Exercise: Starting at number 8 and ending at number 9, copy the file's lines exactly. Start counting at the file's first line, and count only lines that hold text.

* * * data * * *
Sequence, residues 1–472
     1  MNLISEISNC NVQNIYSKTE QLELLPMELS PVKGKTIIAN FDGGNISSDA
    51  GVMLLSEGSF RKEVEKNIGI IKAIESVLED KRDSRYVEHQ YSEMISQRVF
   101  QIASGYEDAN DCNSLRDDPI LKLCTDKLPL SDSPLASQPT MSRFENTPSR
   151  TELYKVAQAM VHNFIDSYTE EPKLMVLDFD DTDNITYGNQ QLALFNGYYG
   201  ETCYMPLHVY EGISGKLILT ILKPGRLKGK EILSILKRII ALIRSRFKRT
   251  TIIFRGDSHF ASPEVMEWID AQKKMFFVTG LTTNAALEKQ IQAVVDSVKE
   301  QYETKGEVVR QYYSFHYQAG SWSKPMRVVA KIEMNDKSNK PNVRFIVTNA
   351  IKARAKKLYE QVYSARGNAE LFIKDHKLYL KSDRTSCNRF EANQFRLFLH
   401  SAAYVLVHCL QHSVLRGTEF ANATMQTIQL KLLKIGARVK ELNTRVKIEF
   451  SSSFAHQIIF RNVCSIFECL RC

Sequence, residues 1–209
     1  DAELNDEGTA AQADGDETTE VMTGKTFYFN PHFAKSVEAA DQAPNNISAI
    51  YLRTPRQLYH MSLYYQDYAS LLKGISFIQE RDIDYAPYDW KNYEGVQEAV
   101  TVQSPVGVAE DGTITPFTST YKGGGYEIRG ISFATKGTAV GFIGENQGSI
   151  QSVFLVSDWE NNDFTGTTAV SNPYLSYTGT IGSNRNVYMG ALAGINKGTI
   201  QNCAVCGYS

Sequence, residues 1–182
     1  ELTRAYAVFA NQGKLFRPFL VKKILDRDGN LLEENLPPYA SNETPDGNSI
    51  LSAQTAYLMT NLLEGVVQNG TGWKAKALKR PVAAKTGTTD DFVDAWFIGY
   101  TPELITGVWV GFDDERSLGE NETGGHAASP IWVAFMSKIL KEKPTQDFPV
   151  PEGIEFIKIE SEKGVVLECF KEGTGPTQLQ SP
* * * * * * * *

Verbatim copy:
   301  QYETKGEVVR QYYSFHYQAG SWSKPMRVVA KIEMNDKSNK PNVRFIVTNA
   351  IKARAKKLYE QVYSARGNAE LFIKDHKLYL KSDRTSCNRF EANQFRLFLH